The descriptives that come to mind while listening to this music are “exquisite,” “ethereal,” and most of all “lovely.” The Violin Sonata seems to me to have echoes of Fauré (again not imitation, just echoes). The vocal works, Song of the Heart and Poems of the Evening, are particularly successful. Walters has a real feel for how to set words, and for the voice, and these cycles would sit comfortably in the repertoire of any major singer, if the major singers were only adventurous enough to find them. …….. Song of the Heart is a setting of five Welsh poems for soprano and string quartet, and the score is ravishing. Poems of the Evening was composed for a young Margaret Price in 1961, when the soon-to-be famous soprano was still a mezzo. She sang the cycle on a number of occasions, but did not leave any recordings. Three evocative French poems are set beautifully in this cycle for mezzo-soprano and chamber orchestra.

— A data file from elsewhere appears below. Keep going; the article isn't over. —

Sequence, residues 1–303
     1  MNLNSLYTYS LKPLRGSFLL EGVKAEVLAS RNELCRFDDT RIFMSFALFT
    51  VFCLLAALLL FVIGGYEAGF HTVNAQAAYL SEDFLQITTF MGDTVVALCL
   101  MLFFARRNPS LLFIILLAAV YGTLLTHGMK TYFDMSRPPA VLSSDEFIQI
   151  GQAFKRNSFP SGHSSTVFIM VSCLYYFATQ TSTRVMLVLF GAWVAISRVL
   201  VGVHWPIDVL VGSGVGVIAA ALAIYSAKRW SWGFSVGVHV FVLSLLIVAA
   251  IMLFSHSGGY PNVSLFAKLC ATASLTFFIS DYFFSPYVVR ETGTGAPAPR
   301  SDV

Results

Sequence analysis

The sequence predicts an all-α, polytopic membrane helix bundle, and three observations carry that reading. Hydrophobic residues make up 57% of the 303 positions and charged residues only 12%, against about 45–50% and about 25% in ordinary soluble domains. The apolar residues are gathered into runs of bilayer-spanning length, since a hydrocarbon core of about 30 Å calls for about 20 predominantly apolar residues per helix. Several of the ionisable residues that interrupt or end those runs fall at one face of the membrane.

The violin sonata was, according to the composer’s own notes, “re-drafted from an earlier work in 1989,” but wasn’t finalized until 1996. It is the longest work on the disc, at almost 25 minutes, and it wears its length well. The heart of the piece is a deeply felt Lento, music that draws the listener into it and holds the attention. Paul A. Snook has reviewed individual works of Walters on prior discs in Fanfare…… He has been consistently enthusiastic about this composer, and now I understand why.”

(FANFARE classical music magazine 2013, Henry Fogel)
(Copyright 1977-2013 by Fanfare Inc.)

“…… well-deserved praise for a CD of the music of Gareth Walters (b. 1928) that the Toccata Classics label released several years ago (TOCC 0090). On offer are two song cycles and some chamber music. When first listening to Song of the Heart for soprano and string quartet, I wondered if the soprano was having trouble with her diction. I finally looked at the lyrics in the CD booklet and discovered the songs are in Welsh.